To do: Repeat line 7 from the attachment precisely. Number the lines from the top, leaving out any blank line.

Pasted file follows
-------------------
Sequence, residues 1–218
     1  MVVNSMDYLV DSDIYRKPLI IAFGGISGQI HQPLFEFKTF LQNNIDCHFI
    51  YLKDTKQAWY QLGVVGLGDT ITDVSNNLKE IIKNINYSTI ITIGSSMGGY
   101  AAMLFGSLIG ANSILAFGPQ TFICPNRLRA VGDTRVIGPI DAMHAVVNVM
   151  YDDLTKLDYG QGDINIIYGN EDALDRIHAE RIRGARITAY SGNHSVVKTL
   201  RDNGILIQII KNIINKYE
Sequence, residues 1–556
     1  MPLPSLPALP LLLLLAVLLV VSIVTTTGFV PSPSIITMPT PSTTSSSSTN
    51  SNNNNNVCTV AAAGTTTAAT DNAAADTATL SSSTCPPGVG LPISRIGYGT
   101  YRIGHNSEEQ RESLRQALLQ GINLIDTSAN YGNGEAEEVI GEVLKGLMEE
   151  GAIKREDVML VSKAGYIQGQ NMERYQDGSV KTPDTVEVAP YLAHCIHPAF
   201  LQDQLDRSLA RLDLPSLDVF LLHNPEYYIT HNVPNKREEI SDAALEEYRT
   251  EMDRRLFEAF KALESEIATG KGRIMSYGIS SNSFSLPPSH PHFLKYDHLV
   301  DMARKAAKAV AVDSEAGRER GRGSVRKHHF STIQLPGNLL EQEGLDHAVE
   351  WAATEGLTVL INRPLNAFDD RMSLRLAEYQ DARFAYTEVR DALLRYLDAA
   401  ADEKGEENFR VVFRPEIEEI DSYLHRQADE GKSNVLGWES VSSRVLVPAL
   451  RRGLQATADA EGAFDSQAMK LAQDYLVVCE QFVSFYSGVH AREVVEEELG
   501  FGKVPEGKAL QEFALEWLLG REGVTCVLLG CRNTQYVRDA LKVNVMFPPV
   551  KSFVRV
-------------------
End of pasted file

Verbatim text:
Sequence, residues 1–556